Elizabeth Ensley was an influential African American civic leader in Colorado. Born in the East, Ensley moved to Colorado with her husband in 1890. Ensley helped found the Women’s League in 1894, was treasurer of the Equal Suffrage Association, and she founded the Colorado Association of Colored Women’s Clubs in 1904. Ensley wrote about Colorado’s first election in which women voted (1894) for the Woman’s Era, the publication of the National Association of Colored Women.
Born in 1843, Chipeta grew up near present day Conejos, Colorado. She was a member of the Umcompahgre, Ute tribe and married Chief Ouray when she was 16. Chipeta befriended white settlers and legend has it that she had a role in rescuing and housing hostages in the Meeker Massacre. Chipeta and Ouray went to Washington, D.C. to negotiate a treaty with the United States government. The U.S. did not ratify the treaty and the Ute tribes were forced to move to a reservation in Utah.
Known as the first Chinese American child born in Colorado, Lily Chin was born on December 3, 1873 in Black Hawk. Chin eventually moved to Denver where she met and married Look Wing Yue, a Chinese merchant. The two of them ran a profitable Chinese merchandise store in downtown Denver. Chin was known for beauty, intelligence, and education.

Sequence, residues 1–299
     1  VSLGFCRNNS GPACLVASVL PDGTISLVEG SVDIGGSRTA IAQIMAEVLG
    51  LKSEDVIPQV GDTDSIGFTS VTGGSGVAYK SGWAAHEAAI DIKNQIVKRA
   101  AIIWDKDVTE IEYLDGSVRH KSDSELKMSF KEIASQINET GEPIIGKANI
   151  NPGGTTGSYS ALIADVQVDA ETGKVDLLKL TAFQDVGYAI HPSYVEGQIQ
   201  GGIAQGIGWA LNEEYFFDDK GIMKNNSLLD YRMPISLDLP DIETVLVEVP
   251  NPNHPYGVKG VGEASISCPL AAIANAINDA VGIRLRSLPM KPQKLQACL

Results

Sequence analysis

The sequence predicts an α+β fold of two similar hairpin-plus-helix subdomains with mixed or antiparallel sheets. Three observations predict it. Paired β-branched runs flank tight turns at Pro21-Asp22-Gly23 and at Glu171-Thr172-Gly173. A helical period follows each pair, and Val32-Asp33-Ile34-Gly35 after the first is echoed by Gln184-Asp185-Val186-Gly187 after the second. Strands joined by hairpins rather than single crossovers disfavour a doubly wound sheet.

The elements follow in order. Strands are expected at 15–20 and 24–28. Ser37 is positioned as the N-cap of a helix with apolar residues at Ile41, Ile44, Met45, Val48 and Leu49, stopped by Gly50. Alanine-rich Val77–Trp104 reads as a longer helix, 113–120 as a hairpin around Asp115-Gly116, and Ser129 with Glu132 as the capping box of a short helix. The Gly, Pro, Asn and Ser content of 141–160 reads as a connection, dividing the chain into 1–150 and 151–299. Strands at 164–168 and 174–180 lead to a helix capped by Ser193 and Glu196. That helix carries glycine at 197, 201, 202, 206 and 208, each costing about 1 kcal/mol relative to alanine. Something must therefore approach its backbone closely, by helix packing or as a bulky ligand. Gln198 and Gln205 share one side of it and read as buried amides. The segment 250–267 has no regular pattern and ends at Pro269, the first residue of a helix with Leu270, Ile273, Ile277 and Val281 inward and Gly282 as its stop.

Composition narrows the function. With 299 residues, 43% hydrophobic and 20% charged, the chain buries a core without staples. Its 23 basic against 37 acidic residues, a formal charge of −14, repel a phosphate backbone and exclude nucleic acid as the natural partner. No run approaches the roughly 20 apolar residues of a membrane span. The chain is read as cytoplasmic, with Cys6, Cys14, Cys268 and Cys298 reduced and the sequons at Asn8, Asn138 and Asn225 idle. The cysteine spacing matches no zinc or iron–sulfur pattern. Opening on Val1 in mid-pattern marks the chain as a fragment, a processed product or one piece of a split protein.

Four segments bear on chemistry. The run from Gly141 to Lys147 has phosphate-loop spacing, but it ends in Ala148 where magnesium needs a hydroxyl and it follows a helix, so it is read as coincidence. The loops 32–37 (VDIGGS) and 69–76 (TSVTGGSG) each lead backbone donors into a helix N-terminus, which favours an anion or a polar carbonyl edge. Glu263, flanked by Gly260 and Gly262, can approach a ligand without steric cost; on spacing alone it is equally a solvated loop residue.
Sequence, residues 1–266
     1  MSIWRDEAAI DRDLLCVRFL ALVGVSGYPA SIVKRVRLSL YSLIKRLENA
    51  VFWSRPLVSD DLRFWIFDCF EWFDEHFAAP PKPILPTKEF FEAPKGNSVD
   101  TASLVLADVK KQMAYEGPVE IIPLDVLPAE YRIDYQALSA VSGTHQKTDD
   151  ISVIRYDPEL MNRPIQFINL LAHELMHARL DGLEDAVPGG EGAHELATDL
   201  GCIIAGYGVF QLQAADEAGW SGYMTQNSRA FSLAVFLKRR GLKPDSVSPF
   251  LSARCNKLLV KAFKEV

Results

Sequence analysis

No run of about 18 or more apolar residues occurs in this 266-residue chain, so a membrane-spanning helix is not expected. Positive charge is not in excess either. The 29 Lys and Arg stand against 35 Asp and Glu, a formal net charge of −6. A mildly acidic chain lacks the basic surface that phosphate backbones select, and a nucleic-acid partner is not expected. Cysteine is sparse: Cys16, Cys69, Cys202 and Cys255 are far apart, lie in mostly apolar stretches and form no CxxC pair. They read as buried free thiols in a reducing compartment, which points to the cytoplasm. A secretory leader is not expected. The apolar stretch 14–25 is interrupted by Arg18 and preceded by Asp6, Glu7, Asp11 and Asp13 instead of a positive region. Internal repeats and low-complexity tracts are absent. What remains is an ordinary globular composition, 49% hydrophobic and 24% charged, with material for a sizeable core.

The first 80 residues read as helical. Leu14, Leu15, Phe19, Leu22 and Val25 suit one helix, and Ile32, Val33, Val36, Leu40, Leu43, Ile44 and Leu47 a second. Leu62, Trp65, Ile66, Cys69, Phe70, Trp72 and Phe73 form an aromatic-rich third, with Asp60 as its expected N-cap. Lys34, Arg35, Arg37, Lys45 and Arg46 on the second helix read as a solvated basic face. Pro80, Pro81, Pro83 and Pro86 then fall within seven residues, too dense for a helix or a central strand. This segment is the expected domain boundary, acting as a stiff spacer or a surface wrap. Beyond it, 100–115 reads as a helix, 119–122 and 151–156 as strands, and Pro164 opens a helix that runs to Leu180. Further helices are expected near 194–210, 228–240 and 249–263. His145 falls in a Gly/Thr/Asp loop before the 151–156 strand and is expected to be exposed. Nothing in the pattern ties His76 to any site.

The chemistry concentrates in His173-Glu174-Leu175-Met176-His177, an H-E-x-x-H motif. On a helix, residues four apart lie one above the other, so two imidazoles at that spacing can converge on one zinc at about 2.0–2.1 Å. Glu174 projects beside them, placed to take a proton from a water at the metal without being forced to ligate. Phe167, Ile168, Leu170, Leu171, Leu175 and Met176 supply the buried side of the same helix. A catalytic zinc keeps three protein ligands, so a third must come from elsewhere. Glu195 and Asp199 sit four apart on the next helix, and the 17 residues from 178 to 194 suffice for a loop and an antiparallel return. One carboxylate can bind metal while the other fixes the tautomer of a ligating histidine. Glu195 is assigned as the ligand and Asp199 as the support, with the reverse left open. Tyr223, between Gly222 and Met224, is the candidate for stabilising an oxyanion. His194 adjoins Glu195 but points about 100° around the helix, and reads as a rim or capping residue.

Margaret Tobin was born in Hannibal, Missouri and followed her brother to the silver mining community of Leadville, Colorado in 1885. She married James J. Brown in 1886 and moved to Denver after becoming wealthy in Leadville. The Browns separated in 1909, and Mrs. Brown began traveling. She is best known for having survived the sinking of the Titanic in 1912. Brown was active in the struggle for women’s suffrage and ran for the U.S. Senate eight years before women across the country could vote.
Virginia McClurg was one of the first people to foster an appreciation for the landscape’s aesthetic and historical importance. Raised in New York City and educated in Virginia, McClurg became a well-known writer and traveled west in 1877. She was one of the first white women to view the prehistoric cliff dwellings near Mesa Verde, which began her lifelong interest in preserving Colorado’s Native American sites. Until her death in 1931, McClurg raised money to support restoration work in the park and wrote about the beauty of Mesa Verde’s landscape.
Dana Crawford was born and raised in Salina, Kansas. She was educated at the University of Kansas and at Harvard-Radcliffe’s Business Management Program. Crawford moved to Denver in 1954, and became a leader in preserving Denver’s historic buildings and revitalizing decayed neighborhoods. She is a founding member of Historic Denver and was instrumental in the preservation of Larimer Square, Denver’s first historic district. The success of Crawford’s work inspired more preservation work in LoDo, and she continued to select, preserve, and adapt significant buildings. A pioneer in the urban preservation movement, Crawford has been honored with the nation’s highest award in historic preservation, the Louis du Pont Crowninshield Award.